Is UPS Fairly Priced At $100?

by Trefis Team
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United Parcel Service (NYSE:UPS) stock declined around 14% from over $115 levels in the beginning of this year to $101 on April 20, compared to a 13% decline for the broader S&P 500. While UPS’ stock has performed in line with the broader markets, we believe that it is now fairly priced, and there will likely be only a limited upside from the current levels. They key is that UPS stock has been underperforming, with the stock down -8% since the start of 2018 (vs. 3% growth in S&P 500), a little over two years ago, and after seeing a significant decline in March 2020, given the current coronavirus crisis and its impact on the global economy, the stock managed to recover around 17% from its lows (vs. around 25% rebound for S&P 500). Our dashboard, ‘What Factors Drove 8% Change In UPS’ Stock Between 2017 And Now? provides the key numbers behind our thinking, and we explain more below.

The stock price decline over the past two years can primarily be attributed to a decline in earnings. While UPS’ revenues were up 11% from 2017 to 2019, its net income margin declined 19% from 7.4% to 6.0%. This combined with a modest decline in number of shares, led to a 9% decline in EPS.

An increase in UPS’ P/E multiple also aided the rise in the company’s stock between 2017 and 2019. UPS’ P/E multiple grew from 19.6x in 2017 to 22.6x in 2019. Moreover, UPS’ P/E is down to about 19.7x now, given the volatility of the current situation. This reflects a 0.4% increase in P/E multiple since December 2017. We believe there is a limited upside for UPS’ multiple when compared to levels seen over recent years – P/E of 23x at the end of 2019, and 20x currently.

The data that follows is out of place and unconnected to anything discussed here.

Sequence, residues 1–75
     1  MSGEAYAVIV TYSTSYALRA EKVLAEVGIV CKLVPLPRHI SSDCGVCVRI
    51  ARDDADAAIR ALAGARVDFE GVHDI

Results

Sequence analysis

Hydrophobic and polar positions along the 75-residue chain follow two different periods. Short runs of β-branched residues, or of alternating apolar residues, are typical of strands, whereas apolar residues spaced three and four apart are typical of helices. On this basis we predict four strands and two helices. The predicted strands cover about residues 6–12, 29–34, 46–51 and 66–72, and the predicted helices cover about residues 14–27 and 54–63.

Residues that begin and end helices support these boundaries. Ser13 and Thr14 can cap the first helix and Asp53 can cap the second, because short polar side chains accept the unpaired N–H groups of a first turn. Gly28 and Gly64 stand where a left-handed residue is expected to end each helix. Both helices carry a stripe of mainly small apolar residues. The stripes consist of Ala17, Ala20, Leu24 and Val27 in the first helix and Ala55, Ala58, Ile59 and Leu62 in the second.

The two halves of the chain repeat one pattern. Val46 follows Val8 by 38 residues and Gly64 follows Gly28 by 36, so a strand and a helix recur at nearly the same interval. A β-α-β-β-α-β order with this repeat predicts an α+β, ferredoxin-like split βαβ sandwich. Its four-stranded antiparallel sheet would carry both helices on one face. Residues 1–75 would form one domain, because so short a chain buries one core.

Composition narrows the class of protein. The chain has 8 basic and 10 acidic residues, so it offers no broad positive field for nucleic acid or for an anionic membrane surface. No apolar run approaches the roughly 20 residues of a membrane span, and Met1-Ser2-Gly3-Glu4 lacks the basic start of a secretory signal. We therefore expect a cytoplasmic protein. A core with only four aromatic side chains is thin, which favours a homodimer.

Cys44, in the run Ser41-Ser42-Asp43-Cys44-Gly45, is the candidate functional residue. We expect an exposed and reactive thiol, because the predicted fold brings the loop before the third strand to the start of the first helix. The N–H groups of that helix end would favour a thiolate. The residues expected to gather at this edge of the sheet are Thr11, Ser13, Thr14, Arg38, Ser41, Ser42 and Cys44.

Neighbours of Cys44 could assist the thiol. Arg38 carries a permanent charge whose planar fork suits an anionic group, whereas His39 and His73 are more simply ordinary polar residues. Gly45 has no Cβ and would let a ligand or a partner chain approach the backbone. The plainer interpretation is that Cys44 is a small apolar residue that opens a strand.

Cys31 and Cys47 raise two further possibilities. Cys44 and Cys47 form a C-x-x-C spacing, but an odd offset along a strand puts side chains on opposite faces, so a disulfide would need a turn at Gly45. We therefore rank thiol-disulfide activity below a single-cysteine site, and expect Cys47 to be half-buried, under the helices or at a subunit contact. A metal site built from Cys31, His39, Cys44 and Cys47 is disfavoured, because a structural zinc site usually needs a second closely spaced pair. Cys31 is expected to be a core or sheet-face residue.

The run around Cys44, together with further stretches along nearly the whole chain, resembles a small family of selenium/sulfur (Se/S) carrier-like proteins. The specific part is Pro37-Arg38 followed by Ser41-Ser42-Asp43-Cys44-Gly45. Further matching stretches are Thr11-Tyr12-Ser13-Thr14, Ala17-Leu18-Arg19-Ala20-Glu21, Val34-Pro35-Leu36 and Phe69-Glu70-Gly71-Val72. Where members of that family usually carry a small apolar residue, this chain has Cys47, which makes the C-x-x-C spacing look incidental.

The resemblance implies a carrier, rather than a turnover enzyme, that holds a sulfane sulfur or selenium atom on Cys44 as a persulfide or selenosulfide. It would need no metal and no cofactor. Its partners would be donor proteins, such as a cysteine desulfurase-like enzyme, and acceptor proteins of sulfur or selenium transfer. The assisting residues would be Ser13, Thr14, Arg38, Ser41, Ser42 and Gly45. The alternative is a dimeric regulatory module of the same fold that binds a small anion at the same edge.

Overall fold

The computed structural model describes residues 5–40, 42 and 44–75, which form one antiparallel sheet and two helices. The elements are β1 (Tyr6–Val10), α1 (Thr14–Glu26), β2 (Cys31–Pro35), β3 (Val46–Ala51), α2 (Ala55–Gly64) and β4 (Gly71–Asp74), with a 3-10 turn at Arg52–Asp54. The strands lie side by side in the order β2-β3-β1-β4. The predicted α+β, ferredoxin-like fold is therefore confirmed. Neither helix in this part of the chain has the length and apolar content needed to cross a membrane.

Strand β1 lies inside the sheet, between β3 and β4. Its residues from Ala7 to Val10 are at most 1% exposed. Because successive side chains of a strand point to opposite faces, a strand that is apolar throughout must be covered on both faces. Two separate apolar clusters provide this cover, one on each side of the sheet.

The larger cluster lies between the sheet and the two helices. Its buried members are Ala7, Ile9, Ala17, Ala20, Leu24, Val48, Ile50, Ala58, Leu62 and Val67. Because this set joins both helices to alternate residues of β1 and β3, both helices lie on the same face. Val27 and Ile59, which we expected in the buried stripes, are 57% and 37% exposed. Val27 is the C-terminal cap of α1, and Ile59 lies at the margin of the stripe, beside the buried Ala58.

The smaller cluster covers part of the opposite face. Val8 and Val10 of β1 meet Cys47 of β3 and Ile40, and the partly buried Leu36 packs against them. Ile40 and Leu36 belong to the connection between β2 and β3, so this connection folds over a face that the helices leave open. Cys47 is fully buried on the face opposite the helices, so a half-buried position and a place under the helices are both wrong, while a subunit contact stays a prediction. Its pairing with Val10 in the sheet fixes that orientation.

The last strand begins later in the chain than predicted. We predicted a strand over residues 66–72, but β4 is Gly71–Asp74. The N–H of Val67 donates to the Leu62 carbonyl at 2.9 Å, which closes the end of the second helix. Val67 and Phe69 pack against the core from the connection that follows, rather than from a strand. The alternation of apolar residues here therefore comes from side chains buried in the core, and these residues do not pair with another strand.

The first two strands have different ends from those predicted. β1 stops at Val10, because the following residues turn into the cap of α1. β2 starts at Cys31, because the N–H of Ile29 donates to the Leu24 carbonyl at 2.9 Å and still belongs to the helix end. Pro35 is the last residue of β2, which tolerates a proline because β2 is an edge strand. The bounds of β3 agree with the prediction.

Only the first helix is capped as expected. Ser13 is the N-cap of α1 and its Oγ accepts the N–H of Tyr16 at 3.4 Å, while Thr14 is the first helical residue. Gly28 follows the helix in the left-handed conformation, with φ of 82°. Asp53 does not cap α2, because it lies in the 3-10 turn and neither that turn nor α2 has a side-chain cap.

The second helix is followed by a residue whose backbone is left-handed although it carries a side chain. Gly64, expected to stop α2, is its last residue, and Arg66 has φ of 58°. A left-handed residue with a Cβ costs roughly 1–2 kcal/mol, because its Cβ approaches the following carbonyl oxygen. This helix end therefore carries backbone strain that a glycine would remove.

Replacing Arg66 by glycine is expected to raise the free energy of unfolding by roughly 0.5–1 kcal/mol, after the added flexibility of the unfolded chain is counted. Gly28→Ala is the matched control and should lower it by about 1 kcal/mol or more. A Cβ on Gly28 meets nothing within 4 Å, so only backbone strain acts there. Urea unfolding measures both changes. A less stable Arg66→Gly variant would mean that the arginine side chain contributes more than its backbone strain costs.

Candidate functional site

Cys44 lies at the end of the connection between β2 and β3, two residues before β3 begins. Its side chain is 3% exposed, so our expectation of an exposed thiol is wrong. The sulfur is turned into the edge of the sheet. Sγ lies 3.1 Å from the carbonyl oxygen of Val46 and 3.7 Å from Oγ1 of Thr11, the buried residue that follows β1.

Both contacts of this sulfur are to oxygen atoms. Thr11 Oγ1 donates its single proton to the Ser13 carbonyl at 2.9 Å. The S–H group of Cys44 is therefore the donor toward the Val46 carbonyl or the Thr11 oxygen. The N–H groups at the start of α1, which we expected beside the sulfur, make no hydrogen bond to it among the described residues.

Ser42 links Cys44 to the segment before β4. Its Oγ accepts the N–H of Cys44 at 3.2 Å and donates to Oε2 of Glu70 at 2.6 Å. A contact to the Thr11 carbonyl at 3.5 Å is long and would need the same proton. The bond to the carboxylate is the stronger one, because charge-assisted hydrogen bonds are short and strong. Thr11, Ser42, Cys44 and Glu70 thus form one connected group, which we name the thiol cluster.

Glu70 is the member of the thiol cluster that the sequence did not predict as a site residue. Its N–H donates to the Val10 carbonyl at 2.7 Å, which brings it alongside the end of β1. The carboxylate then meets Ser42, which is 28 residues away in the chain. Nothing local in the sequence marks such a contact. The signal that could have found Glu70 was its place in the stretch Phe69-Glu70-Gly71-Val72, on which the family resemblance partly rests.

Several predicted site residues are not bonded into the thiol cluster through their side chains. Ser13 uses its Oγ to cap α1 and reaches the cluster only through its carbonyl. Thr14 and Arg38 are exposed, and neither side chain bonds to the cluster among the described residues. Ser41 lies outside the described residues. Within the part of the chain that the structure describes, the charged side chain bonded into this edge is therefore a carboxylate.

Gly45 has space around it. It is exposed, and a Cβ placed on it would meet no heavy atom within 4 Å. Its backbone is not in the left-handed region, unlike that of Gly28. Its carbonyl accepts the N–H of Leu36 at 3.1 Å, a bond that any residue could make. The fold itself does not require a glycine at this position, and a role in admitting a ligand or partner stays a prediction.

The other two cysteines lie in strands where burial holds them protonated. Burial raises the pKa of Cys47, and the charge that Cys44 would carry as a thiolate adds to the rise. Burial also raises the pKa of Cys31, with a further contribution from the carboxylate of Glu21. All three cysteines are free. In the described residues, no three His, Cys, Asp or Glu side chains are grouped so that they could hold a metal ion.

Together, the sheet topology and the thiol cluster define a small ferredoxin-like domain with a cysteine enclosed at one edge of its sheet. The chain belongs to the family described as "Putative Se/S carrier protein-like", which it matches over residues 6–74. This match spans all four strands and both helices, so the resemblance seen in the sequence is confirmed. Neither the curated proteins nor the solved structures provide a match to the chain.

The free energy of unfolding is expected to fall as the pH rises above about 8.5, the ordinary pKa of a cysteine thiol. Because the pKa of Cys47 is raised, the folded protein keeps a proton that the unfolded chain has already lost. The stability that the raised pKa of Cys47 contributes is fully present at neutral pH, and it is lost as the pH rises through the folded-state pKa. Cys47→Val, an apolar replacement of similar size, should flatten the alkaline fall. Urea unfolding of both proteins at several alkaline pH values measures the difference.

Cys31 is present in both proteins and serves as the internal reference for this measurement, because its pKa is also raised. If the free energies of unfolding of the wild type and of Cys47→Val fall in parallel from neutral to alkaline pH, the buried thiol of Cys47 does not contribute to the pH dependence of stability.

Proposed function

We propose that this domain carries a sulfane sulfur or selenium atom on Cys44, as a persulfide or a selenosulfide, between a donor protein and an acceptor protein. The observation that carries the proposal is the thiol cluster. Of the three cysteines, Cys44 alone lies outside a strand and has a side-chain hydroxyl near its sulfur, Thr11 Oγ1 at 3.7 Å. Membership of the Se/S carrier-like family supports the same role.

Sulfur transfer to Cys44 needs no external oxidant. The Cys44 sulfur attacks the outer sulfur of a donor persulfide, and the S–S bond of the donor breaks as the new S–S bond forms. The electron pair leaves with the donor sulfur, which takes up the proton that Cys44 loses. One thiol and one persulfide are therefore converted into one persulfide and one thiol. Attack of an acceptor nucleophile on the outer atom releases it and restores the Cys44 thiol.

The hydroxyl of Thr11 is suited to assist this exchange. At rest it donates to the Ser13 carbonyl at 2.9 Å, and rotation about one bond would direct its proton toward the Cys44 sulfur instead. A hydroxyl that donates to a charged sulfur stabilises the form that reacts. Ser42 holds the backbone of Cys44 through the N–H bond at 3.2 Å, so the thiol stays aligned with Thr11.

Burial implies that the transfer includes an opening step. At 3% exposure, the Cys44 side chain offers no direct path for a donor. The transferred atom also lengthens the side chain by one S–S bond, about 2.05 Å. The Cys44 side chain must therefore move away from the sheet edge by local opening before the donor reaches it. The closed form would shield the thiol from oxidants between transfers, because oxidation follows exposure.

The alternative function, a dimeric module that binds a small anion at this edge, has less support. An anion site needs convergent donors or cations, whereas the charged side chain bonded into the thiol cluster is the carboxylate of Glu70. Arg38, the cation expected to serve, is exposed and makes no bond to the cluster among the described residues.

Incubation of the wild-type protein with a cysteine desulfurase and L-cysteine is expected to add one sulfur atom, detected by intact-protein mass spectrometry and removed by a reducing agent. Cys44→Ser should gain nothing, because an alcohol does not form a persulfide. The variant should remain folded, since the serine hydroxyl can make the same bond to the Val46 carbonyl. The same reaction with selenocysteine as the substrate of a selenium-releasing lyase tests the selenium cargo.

How Is Coronavirus Impacting UPS’ Stock?

The global spread of coronavirus has led to lockdown in various cities across the globe, which has affected industrial and economic activity, while the global economy is feared to go into recession. UPS’ near term revenues could take a hit, due to lower shipments in the event of a global recession, as discretionary spending falls. Though it could see a continued uptick in ground shipment revenues, as people stay at home and order required products online.

Between January 31st and April 20th, UPS’ stock hasn’t seen any absolute change (though it declined 15% and it has now recovered back to early February levels) vs. about a 12% decline in the S&P 500. A bulk of the decline in the stock markets came after March 6th, when an increasing number of Coronavirus cases outside China fueled concerns of a global economic slowdown. Matters were only made worse by fears of a price war in the oil industry triggered by an increase in oil production by Saudi Arabia. Benchmark oil prices have crashed over 60% from $56 levels (Brent) to $20 currently (through April 20). Lower fuel costs will aid UPS’ margin, given fuel expenses account for 5% of the company’s total operating expenses.

For UPS, its domestic as well as international shipments could be meaningfully impacted in the worsening economic conditions, In fact, the average consensus revenues of $16.3 billion for Q2 2020 reflects over 10% decline, compared to the prior year quarter. We believe UPS’ Q1 results next week will confirm the trend in revenues. It is also likely to accompany lower guidance for the full year. Going by our valuation for UPS, we believe that the company’s stock has a limited upside potential from the current levels.

Our dashboard forecasting US COVID-19 cases with cross-country comparisons analyzes expected recovery time-frames and possible spread of the virus.

Further, our dashboard -28% Coronavirus crash vs. 4 Historic crashes builds a complete macro picture. Additionally, the complete set of coronavirus impact and timing analyses is available here.


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